A whopping 80% of people suffer a back injury at some point in their adult life. Even a relatively minor strain can cause severe pain. However, some back injuries can cause long-term disability.
Over a million workplace-related back injuries are reported every year. The Bureau of Labor Statistics (BLS) reports that they account for about 20% of all workplace injuries and illnesses annually. Back injuries account for more missed work than any condition except the common cold.
The vast majority, according to the BLS (80%) are lower back injuries. Three-fourths of those are suffered while lifting something. However, other movements (especially when they’re done repetitively) can cause back injuries. Twisting your body while lifting can be dangerous. So can bending forward. Even standing for a long time can cause a back injury.
Back injuries can cause musculoskeletal disorders like strained ligaments and muscles and ruptured discs. The people at greatest risk, according to the BLS, are nursing assistants. Health care professionals as a whole suffer 4.5 times more injuries caused by overexertion than any other workers.
Other people in other lines of work with the greatest percentage of back injuries include:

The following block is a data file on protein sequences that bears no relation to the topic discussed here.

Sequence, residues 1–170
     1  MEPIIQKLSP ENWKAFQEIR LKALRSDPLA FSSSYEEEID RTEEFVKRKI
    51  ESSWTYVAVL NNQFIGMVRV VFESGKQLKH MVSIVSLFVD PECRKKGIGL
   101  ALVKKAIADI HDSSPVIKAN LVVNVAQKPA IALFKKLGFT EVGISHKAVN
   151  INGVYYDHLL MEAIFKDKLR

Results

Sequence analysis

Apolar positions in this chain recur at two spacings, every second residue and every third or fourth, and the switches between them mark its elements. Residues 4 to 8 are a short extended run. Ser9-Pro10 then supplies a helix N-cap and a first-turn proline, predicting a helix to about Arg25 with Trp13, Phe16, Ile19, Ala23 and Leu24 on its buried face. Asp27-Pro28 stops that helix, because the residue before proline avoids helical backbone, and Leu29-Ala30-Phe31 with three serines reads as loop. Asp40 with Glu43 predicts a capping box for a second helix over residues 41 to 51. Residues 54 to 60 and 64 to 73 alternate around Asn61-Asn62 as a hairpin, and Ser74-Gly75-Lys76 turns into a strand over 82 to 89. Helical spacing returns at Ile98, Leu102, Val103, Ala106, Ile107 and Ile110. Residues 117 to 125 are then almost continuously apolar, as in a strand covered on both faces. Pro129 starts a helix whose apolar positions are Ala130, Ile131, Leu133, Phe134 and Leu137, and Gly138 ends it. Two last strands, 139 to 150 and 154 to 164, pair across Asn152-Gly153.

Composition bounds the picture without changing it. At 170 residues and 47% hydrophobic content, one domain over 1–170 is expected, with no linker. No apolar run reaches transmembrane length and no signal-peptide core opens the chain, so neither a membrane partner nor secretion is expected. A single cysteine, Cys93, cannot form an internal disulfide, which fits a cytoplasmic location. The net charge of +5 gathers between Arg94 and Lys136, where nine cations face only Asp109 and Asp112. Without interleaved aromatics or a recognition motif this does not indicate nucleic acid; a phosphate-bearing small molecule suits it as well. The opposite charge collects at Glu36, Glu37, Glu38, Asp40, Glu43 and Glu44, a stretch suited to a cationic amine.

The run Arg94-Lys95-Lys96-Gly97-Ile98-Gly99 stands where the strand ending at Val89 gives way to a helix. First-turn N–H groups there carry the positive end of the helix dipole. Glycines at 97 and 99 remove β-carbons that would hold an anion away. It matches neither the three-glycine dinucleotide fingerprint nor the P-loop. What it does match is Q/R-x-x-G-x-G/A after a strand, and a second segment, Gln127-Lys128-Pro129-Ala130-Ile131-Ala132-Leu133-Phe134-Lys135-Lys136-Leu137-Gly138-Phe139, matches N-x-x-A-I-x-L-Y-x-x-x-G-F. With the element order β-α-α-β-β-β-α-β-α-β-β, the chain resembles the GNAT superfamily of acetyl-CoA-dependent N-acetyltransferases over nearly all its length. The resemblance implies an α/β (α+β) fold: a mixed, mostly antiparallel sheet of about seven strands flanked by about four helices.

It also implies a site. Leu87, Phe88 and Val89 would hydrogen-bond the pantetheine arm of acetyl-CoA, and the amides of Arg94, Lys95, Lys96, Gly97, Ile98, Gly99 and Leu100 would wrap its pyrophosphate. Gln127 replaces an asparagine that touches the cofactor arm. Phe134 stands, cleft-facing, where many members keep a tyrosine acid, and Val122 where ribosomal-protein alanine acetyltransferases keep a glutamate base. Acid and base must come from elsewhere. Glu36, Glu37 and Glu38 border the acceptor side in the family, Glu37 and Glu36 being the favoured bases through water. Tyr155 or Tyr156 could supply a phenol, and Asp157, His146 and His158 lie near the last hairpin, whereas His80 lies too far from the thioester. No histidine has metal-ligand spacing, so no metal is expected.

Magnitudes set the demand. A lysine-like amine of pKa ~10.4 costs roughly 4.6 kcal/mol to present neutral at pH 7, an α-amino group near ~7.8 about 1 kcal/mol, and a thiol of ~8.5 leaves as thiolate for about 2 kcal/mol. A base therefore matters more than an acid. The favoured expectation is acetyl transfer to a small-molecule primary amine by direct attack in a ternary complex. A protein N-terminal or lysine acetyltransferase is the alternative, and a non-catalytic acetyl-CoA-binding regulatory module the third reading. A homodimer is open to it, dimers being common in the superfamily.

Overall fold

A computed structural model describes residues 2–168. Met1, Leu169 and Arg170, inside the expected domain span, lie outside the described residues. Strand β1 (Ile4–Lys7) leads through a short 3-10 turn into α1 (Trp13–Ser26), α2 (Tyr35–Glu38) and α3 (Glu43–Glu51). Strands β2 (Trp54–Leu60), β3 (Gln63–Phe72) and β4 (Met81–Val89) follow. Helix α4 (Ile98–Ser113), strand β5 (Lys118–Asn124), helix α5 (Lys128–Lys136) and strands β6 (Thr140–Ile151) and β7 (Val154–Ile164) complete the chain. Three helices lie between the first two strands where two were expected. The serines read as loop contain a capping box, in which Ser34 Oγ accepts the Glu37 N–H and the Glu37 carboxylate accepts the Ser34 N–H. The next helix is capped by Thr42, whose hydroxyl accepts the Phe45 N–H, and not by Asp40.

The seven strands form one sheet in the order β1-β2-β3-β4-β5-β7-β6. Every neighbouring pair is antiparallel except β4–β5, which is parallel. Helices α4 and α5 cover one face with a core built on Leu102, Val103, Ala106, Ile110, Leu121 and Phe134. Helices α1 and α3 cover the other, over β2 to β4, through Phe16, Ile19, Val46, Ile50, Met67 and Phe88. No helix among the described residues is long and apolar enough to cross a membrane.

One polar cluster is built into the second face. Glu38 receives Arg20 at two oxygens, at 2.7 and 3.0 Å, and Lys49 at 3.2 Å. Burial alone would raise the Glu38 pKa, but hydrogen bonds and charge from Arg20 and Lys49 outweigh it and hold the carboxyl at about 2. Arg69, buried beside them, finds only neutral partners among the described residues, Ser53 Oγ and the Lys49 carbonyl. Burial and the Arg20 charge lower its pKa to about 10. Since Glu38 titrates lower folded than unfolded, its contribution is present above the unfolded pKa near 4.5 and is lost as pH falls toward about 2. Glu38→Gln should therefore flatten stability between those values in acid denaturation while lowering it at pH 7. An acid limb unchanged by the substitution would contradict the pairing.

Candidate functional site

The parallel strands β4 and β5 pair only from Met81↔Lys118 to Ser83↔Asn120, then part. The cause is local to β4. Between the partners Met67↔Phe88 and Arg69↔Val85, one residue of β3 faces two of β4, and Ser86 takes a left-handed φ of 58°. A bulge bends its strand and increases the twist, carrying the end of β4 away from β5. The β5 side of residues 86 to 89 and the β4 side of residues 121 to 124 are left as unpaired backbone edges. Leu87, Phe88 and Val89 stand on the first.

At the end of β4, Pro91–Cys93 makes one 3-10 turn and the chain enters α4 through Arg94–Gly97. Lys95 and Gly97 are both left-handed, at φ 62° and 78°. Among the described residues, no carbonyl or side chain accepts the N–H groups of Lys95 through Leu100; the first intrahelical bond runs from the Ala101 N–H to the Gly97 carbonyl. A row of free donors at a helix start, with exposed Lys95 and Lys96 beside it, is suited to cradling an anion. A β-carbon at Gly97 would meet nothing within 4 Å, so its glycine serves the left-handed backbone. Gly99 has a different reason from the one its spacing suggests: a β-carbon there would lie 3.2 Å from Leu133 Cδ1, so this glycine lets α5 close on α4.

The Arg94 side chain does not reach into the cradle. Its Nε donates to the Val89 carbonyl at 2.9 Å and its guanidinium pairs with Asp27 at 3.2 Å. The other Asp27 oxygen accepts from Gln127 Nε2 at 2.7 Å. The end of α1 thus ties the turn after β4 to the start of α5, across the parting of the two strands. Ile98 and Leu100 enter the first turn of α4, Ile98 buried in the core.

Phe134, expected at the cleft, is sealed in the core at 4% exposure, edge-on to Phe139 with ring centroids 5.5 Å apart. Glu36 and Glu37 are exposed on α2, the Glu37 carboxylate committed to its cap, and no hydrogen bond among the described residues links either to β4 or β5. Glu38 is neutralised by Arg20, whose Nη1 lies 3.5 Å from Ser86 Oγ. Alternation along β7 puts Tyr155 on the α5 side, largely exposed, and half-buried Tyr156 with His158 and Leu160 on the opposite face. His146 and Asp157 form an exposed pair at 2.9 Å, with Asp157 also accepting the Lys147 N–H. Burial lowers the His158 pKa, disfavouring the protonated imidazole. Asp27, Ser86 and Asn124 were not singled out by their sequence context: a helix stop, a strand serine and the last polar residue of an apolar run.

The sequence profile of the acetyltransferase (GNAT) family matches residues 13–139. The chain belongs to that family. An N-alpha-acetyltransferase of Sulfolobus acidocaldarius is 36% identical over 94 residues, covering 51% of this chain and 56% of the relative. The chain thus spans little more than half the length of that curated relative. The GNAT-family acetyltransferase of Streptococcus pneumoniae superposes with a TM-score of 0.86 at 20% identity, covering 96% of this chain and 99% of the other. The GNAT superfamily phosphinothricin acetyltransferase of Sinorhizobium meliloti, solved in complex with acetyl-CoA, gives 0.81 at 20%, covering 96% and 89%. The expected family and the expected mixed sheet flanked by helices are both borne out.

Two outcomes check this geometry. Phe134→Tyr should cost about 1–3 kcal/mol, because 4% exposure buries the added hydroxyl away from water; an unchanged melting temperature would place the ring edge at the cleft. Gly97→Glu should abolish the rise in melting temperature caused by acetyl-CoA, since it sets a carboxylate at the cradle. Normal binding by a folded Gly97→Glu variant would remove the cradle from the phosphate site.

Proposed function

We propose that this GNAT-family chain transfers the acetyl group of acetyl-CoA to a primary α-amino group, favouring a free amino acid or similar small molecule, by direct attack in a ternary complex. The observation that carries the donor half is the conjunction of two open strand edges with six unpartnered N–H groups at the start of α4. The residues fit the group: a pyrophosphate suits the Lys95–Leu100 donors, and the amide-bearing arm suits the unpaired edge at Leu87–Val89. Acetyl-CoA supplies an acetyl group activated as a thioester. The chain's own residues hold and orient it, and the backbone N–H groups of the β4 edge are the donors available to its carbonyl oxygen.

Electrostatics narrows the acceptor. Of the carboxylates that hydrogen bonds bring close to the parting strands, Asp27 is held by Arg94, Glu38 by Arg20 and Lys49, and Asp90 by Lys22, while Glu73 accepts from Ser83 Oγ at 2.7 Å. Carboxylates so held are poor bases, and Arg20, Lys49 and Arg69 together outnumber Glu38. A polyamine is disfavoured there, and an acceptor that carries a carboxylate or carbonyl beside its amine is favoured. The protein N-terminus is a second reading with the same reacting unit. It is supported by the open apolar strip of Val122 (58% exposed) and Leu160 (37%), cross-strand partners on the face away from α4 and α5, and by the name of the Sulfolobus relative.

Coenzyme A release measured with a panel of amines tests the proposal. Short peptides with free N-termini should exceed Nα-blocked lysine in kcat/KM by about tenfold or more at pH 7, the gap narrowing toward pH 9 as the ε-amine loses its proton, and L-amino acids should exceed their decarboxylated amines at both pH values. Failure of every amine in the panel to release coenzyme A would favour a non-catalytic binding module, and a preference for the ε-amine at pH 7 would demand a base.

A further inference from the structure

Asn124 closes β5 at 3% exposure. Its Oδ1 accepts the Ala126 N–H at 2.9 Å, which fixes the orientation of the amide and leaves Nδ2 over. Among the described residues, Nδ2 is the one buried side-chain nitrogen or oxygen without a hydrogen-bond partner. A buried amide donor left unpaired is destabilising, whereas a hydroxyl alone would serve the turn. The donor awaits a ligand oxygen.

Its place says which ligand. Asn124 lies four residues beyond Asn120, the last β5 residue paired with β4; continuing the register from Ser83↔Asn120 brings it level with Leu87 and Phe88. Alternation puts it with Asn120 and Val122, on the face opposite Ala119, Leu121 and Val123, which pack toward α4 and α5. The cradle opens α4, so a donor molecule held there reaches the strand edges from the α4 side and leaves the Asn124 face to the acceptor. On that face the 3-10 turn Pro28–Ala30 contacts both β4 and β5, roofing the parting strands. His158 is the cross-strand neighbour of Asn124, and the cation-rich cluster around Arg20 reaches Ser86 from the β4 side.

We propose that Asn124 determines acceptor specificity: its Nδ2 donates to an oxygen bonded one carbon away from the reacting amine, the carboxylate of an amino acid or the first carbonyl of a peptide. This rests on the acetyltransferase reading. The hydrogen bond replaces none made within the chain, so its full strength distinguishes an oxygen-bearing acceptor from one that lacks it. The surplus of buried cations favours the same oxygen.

- Stock and order fillers
- Laborers and people who move freight or other materials
- Repair/maintenance workers
- Cleaning/janitorial workers
All of these professions came in ahead of truck drivers, which we often associate with heavy lifting (not to mention being in cramped quarters for hours on end).
As many as a third of these injuries, according to the Centers for Disease Control and Prevention (CDC), may be preventable by changes to workplace design. However, these need to be made in consultation with people who know what they’re doing. For example, there’s been a big move toward standing desks to reduce the negative effects of sitting for too long. However, standing for even a couple of hours at a time can cause both short-term and long-term back problems.
If you’ve suffered a back injury at work, you may be tempted to write it off as part of the job or one more unpleasant aspect of getting older. However, it may be something that’s too serious to be treated with a heating pad and some Advil. It’s best to see a doctor so that if it is something more serious, you can get the proper treatment and, if necessary, seek workers’ compensation benefits.